Thursday, June 19, 2008

The "Cheeseboard"

Divers all around the world know what a "Cheeseboard" is. That is the nickname for the 16' aluminum diving board manufactured by the Duraflex International Corporation. The actual full name for this world standard of the springboard diving world is the Duraflex 16' Modified Maxiflex Model "B" Aluminum Springboard. The word "modified" refers to the 189 perforations found in the end of the diving board. The "Cheeseboard" is the ONLY diving board used today in all Olympic, International and National Diving Competitions around the world.

The name "Cheeseboard" came about by accident. Way back in the day, Duraflex inventor Ray Rude was installing some of his new "modified" diving boards and some little kid said "hey it looks like swiss cheese" and so the name "cheeseboard" was born.

The Duraflex factory takes a 16' Maxiflex Board (tapered at both ends) and "modifies" it using a large punch-press that Ray Rude found in a junkyard -- had it shipped to the Duraflex factory where he re-tooled it to "punch" the holes in the end of the board. The process of "modifying" the diving board takes about 30 seconds.

Springboards and More uses these very punch-outs to have "Cheeseboard" earrings and bracelets made by well-known and highly respected Krombholz Jewelers in Cincinnati, OH.


Anonymous said...

The cheeseboard seems to be designed to minimize any chance of slipping, but in the interest of safety, is it reasonable to let a diver dry the end of the board before each dive in a competition? At a recent summer league meet, a mother asked, and was granted permission, to towel off the end of the board before each of her son's dives. While everyone saw this as a safety measure, some felt it was an unnecessary waste of time that may even have intimidated some of the other divers. It was the first time I had seen such a thing, and it was likely precipitated by a diving accident the day before, when a diver slipped and cut her leg on the same board. There's no doubt the board was in great condition, but there was certainly a heightened concern by the mother in question. "Safety first" is the creed of the league. So does it make sense to let the diver or the mother dry the board before proceeding with the dive? What are your thoughts?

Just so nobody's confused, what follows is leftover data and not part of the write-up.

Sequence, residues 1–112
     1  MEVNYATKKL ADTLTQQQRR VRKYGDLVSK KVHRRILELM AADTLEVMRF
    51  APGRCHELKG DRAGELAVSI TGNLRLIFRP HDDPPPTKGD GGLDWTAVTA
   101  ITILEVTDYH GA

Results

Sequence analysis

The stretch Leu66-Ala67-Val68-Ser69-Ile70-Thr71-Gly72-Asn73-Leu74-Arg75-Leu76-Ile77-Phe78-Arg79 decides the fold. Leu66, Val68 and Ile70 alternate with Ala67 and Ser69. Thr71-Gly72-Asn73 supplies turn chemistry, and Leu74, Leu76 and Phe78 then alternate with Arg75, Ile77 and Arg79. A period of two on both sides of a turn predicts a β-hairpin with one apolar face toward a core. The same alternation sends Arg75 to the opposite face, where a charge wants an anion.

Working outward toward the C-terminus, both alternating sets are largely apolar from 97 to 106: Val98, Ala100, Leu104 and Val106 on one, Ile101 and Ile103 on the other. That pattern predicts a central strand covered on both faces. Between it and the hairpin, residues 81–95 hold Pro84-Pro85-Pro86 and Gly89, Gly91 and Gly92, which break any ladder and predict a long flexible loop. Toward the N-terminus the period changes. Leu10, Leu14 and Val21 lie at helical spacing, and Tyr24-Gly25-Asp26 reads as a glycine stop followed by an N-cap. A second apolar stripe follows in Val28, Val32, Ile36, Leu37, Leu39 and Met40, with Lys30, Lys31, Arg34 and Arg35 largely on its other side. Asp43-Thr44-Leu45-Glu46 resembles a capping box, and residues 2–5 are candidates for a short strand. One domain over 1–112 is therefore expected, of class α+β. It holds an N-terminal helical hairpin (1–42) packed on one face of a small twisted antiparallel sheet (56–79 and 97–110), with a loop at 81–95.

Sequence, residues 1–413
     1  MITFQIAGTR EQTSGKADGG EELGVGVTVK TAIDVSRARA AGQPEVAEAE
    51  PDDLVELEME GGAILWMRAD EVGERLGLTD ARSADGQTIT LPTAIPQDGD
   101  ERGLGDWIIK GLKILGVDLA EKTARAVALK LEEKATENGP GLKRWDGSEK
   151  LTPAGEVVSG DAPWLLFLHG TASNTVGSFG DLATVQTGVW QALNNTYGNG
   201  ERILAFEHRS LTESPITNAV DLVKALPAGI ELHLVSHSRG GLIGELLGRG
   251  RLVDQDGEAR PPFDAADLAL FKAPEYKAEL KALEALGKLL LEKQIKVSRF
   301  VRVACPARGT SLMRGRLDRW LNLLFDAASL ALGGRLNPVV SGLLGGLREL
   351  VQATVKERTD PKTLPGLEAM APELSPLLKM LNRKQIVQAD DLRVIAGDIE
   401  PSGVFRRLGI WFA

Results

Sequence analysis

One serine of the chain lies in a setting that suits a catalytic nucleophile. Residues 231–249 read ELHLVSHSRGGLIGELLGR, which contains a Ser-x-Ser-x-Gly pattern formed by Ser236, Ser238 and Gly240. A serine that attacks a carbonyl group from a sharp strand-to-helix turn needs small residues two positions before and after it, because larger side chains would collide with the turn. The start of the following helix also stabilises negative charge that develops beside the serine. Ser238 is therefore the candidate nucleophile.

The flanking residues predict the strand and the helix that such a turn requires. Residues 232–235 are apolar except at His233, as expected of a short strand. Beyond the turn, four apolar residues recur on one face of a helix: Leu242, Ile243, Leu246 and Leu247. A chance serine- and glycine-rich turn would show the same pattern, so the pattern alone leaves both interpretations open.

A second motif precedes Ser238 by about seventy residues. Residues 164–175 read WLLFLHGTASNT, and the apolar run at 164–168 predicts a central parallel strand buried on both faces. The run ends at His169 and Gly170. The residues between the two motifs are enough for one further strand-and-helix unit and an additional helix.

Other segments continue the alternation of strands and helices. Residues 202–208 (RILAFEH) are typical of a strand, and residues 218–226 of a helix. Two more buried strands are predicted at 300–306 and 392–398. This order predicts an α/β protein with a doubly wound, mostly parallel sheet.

Unknown said...
This comment has been removed by the author.
Unknown said...

Thanks for sharing information about different diving boards,
Olympic Diving Boards are always different from other boards